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Rethinking Men’s Mental Health

Rethinking Men’s Mental Health: a few blokes, a bar & better health

Five members of the Ancestral Health Society of NZ (AHSNZ) including a nutritionist, sociologist, men’s group presenter, psychologist, and naturopath, are giving talks on men’s mental health at the Mac’s Function Centre in Wellington on Saturday, 19 August 2017 (1-4pm).

The speakers, who each have different expertise on the topic, aim to challenge the current paradigm of depression, providing a different way of seeing the problem, and alternation or additional solutions to the current approach.

The four presentations will cover energy and busy-ness, what it means to be man in the 21st century, ‘depression’ and coping, and dietary and lifestyle solutions. The event, an informal gathering, is open to anyone, including men, women, and health professionals and costs $45.

Wellington Clinical Psychologist and lead organiser of the event, Dr Karen Faisandier, says that when it comes to men’s health, depression is often more of a physical symptom of too much stress in the current NZ diet and lifestyle than a psychological disorder.

“The human stress response wasn’t designed to be constantly switched on but rather an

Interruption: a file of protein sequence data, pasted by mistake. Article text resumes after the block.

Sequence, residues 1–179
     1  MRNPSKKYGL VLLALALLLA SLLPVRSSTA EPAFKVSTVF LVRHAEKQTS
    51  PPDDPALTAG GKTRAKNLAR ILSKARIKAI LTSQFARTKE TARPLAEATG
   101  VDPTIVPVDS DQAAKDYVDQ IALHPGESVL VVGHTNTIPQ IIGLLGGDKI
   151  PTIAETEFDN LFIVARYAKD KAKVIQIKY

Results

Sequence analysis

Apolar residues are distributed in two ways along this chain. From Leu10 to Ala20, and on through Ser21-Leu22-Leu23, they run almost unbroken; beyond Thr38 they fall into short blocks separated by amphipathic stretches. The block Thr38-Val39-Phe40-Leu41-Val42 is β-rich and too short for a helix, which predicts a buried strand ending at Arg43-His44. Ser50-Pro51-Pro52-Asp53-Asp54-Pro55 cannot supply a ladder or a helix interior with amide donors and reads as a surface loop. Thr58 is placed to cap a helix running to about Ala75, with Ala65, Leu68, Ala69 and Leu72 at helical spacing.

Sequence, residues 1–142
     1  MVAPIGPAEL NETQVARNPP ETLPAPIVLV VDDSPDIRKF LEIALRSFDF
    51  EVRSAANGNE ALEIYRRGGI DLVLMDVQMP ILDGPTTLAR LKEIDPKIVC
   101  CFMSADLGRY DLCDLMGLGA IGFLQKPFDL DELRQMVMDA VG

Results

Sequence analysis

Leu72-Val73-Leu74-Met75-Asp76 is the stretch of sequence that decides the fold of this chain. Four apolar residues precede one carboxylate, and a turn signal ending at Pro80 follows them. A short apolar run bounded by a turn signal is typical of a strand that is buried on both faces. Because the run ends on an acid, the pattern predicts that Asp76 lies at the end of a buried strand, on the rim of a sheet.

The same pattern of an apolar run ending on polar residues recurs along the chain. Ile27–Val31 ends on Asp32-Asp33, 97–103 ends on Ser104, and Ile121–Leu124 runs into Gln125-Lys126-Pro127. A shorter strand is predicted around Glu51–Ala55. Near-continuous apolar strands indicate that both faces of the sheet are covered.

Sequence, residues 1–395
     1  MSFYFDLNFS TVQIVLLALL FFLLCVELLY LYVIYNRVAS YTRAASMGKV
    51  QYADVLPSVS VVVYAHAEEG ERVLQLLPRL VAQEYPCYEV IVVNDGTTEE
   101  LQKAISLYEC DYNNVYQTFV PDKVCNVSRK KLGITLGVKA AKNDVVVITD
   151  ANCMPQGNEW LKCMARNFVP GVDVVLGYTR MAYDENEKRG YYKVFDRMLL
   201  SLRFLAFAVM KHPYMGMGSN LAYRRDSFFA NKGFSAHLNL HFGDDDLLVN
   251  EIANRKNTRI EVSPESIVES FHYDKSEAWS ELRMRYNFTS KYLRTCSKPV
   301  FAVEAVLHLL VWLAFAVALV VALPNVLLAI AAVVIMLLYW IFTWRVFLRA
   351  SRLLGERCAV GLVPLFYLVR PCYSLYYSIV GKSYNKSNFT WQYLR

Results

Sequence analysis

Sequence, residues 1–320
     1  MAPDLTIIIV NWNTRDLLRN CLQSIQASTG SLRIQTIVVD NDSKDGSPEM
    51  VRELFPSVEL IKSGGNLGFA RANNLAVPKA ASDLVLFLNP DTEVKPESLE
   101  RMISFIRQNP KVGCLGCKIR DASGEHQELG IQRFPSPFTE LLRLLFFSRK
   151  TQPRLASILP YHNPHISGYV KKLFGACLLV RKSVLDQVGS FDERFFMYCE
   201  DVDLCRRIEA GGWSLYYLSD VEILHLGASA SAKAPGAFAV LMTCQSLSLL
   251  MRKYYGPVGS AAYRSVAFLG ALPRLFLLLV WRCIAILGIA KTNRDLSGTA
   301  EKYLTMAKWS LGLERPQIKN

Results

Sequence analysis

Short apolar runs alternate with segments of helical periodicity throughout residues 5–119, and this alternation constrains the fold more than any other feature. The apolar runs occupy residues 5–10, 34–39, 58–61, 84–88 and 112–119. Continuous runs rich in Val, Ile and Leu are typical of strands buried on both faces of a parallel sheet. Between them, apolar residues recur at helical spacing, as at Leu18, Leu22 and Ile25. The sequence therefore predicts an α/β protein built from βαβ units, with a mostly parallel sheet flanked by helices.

emergency response for our survival. In today’s environment, many men are constantly stressed, which has insidious and widespread effects on men’s minds, bodies, and behaviour.

“Depressive symptoms also have a helpful function in that they provide an enforced period of rest and repair, and sometimes to change and transform, after an increased period of stress. However, this response can malfunction in an unremittingly stressful environment.

“Understanding stress and depression leads to better solutions that offset the stress response and improve responses to stress signals and depressed mood, ranging from dietary changes, type of exercise, connecting with people and purpose, and finding ways to relax and decompress,” Karen Faisandier says.

The AHSNZ is holding this event is because local members have expertise in mental health and a strong interest in providing an event specifically for men. We wanted to destigmatise the ‘harden up’ and ‘she’ll be right’ situation for men, where this mentality results in isolation and shame.

Karen Faisandier says, “Our aim is to provide an event with a sense of community, discussion, understanding, and solutions to men’s stress challenges, rather than a lecture on it.”


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